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Who are the Real Nashville Predators?

As we enter the final third of the NHL’s 2021-22 regular season, some teams are more curious than others. Where do the Nashville Predators sit as contenders at this point in the campaign?
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As we enter the final third of the NHL’s 2021-22 regular season, some teams are more curious than others. We know the two Florida franchises are excellent. 

We know the Carolina Hurricanes and Colorado Avalanche also are very good. But there are also teams that make you scratch your head in wonder of who they are and what they’ll do before the March 21 trade deadline. I looked at one of those teams – the Dallas Stars –  over the weekend. Today, I want to look at a team in the same Central Division, and one that has serious decisions to make in the next month.

Nobody outside the Nashville Predators organization viewed them as an elite Stanley Cup threat before the season started, but Nashville rode tremendous goaltending from Jusse Saros to a 19-10-1 record before the NHL shut down in mid-December over the COVID-19 pandemic. That record included a seven-game win streak that ended after the league returned to play, but they recovered and quickly posted a five-game win streak that improved their record to 24-11-2.

However, after reaching that mark, the Preds have slowly but steadily slipped down the ranks of the Central. A four-game losing skid in mid-January was followed by the current four-game losing streak they’re in the midst of. They’ve dropped to fourth in the division, and the Stars are charging and are only four points back of the Predators, with Dallas having one game in hand. Missing the playoffs is now a very real possibility for Nashville.

There is an argument for the Predators to be a buyer at the deadline. Per CapFriendly.com, they currently have more than $10.5 million in salary-cap space. They also have a soon-to-be unrestricted free agent in forward Filip Forsberg, Nashville’s top goal-scorer (25 goals in 37 games this year) and first-line winger who is second on the team in points (41). How do you look at your veteran players in the eye if you trade Forsberg and tell them you believe in them as a unit? On the other hand, if you’re not prepared to give Forsberg a significant raise on the $6 million he’s earning this season, how can you hold onto him and watch him walk away in the summer for a more lucrative offer from another team?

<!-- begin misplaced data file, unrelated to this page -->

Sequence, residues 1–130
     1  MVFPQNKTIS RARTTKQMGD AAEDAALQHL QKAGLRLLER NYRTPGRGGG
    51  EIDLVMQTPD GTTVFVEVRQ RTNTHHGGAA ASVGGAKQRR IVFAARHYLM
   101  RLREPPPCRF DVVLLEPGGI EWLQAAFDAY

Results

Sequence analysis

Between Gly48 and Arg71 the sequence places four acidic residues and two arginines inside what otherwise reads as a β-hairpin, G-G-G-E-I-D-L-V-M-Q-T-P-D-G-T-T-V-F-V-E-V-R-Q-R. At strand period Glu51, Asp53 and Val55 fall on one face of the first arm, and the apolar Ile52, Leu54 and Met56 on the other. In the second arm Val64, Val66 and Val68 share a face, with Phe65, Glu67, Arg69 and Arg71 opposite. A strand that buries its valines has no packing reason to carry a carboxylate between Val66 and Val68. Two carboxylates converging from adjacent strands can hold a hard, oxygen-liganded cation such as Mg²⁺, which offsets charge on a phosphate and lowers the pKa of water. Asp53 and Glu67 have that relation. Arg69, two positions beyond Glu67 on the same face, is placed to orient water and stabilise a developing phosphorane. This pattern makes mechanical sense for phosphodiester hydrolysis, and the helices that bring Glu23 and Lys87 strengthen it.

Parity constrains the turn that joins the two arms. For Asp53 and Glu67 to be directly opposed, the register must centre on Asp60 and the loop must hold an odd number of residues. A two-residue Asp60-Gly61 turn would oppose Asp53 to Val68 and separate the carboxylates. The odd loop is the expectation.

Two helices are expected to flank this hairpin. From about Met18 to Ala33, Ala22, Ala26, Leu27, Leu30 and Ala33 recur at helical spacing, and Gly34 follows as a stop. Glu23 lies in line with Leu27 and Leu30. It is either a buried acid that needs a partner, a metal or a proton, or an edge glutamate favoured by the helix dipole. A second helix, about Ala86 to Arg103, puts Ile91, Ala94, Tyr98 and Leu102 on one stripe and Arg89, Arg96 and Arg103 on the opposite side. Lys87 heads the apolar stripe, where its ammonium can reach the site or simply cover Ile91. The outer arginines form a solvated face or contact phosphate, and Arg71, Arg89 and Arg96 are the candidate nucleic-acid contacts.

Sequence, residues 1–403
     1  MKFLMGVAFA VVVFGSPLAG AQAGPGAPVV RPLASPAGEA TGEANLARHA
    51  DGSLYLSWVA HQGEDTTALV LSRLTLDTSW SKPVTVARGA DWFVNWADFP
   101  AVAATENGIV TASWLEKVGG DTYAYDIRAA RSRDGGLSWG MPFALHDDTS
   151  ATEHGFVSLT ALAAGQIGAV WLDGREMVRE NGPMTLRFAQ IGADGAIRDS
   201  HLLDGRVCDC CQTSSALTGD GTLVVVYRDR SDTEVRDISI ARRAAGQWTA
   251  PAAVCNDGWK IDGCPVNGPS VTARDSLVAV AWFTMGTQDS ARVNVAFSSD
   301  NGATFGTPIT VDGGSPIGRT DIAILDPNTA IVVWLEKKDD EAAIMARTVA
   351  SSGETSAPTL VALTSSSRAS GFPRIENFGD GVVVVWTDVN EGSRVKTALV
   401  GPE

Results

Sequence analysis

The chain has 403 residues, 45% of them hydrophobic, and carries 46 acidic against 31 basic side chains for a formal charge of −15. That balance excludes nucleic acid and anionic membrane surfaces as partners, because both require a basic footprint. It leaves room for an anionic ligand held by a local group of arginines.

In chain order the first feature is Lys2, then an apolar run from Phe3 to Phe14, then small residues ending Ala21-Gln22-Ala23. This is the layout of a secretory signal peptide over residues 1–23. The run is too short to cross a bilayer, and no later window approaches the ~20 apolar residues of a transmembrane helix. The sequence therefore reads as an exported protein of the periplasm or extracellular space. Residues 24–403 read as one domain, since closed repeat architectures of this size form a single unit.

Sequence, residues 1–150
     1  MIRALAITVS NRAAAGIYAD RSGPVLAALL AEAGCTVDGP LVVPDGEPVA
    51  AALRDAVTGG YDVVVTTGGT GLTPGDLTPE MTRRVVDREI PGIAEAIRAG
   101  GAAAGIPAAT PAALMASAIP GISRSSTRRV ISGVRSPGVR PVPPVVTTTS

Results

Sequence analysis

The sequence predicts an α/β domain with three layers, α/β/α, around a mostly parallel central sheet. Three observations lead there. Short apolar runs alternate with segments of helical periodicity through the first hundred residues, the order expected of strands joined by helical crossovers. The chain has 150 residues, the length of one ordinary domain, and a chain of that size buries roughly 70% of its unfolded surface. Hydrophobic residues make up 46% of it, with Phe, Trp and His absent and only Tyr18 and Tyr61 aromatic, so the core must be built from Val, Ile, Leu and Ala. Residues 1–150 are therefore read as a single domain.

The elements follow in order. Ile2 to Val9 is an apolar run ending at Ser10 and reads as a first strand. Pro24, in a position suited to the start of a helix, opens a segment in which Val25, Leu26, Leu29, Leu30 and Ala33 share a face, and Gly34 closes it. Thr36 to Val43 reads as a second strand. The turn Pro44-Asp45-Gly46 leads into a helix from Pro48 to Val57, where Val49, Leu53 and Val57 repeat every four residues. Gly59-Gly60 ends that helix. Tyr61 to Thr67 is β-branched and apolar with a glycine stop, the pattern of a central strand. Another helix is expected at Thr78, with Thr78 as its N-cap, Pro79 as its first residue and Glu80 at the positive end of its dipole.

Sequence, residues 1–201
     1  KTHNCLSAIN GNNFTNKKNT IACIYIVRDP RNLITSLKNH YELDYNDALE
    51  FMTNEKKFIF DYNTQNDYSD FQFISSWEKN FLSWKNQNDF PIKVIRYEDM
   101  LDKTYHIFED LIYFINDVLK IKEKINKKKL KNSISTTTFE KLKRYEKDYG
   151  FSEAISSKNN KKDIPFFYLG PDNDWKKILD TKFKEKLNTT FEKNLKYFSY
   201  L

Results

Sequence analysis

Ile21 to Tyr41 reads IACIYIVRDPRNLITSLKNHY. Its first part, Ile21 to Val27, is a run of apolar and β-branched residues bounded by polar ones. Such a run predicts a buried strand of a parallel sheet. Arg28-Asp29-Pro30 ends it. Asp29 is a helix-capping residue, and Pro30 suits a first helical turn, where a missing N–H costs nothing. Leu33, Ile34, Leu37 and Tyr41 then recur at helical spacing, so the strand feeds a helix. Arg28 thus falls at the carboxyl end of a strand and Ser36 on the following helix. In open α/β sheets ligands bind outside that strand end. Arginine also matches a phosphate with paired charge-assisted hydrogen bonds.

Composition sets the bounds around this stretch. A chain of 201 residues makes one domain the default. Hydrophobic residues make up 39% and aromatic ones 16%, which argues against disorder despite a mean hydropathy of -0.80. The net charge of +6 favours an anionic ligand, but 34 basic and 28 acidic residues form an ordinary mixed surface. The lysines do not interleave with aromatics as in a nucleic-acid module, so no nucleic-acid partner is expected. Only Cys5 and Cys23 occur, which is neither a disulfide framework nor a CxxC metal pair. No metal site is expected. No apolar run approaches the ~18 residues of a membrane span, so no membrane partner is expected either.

It’s all a conundrum for Predators GM David Poile to figure out. And it’s got to be figured out in the next four weeks. Unfortunately for the Preds, the schedule is not their friend before the deadline: of the 12 games they have before March 21, Nashville has only three games you could call “gimmes” - Seattle on March 2, San Jose on March 5, and Philadelphia on March 17. 

Of the other nine games, six see them take on teams currently in a playoff position - Florida, Tampa Bay, St. Louis, Minnesota, Pittsburgh, and Toronto. They’ve also got a game against Anaheim (a team two points out of fourth place in the Pacific Division), and the other two games are home games against the Stars. Needless to say, their four games within the Central are going to be huge.

If you put Forsberg on the trade block, teams are going to line up to make bids on him. At 27-years old, he’s in his prime, and he could make a team like the Maple Leafs or Penguins offer up a hefty haul in return for his services. He can be a pure rental player, or he can ask Poile to move him to a team that is prepared to sign him long-term. But the way the Preds perform in the next month may give him and the team cause to keep him around.

The Predators still have time to salvage their season. Saros gives them a chance to win every night, but they have not capitalized on his stellar netminding. Between now and March 21, they’ve got to decide who they are. 

It’s still a mystery, but time will change that.

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